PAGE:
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Using the Whole Cow: Spleen Vastedda Recipe

Today I made vestedda. I’m going to share to recipe here as well as three reasons vastedda is important.

If you’re new here on this blog, let me tell you that my name is really Laura and I really do live in a little house on the prairie.  I am a Jersey girl to the core and I live here because of the enticement of cheap land and the opportunity for my children to farm land that their ancestors (on my husband’s side) have farmed for generations.  I struggle all the time.  Although New Jersey, Brooklyn and the Colorado Prairie are all part of the United States of America, I sometimes doubt this.  I am also 100% Italian.  To say that there is a lack of Italian culture on the prairie is an understatement.  Most people here don’t even know how to say “Italian”. I’ll chalk it up to the dialect or the accent or something, but many people here say “Eye-talian” and it drives me nuts.  Where I grew up, it seems most families were Italian, Irish or Jewish.  We had a strong Italian culture.  I miss it.

Both of my parents are from Brooklyn.  I grew up visiting both my grandmothers in Brooklyn frequently.  Although I was born in Staten Island and that perhaps means I loose street credit, I’m a Brooklyn girl, too. I grew up with Brooklyn pizza and Joe’s. Joe’s of Avenue U is in the Gravesend section of Brooklyn. They have been in business since forever in the same location.  They sell Sicilian Italian food.  I am half Sicilian.  I miss Joe’s.  My favorite dish at Joe’s is vastedda.  Vastedda is basically a spleen sandwich.  I miss vastedda. Making vastedda, copycatting Joe’s, is a small way to alleviate my homesickness.  It’s an ethnic dish, right on the prairie.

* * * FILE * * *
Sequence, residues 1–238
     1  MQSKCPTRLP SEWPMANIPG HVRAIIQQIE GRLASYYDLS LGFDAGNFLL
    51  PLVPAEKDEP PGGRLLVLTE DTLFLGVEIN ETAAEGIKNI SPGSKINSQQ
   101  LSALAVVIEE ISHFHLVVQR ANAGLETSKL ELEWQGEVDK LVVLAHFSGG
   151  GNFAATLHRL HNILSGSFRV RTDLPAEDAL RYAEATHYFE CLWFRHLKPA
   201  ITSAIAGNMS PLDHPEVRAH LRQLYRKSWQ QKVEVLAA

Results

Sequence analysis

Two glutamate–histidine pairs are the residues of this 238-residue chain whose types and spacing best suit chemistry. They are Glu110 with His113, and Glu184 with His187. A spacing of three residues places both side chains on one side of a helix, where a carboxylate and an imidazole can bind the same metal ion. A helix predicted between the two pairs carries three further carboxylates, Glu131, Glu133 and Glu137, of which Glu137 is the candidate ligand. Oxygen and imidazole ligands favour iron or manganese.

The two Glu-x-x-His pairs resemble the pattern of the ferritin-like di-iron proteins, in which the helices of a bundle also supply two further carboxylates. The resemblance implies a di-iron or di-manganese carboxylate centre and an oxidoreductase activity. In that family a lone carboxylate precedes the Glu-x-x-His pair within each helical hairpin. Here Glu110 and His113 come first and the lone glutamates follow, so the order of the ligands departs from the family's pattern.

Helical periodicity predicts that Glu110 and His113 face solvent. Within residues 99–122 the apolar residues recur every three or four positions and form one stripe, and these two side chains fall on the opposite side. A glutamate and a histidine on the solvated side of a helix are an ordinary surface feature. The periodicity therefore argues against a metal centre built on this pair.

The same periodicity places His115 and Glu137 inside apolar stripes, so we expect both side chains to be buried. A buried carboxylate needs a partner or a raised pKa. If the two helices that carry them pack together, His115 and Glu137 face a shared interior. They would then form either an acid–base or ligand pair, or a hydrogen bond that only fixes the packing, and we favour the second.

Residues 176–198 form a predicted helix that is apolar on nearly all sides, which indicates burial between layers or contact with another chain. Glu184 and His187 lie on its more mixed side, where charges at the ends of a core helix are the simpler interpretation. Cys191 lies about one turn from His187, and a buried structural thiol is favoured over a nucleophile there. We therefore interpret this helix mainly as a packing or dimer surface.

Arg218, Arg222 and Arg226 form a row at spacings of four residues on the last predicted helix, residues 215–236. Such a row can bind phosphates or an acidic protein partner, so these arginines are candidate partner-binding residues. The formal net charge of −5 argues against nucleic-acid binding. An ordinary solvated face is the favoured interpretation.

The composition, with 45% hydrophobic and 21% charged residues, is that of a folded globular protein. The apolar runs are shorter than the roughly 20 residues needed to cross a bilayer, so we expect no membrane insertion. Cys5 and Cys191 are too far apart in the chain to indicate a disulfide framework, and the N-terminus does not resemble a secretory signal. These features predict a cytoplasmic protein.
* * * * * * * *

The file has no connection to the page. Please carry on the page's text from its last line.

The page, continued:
Joe's of Avenue U is a good 1700 miles from the short grass prairie.

Joe’s of Avenue U is a good 1700 miles from the short grass prairie.

Vastedda is spleen, which means it’s offal.  We try to follow the Weston A. Price diet. A big pillar of the Weston A. Price diet is the consumption of offal. The experts can explain the whys and wherefores of the benefits of offal.  Logically it makes sense that since people have eaten offal for millennia, and we should, too.  Our bodies and biology haven’t changed.  If offal was good enough for my great-great grandmother, it should be good enough for me.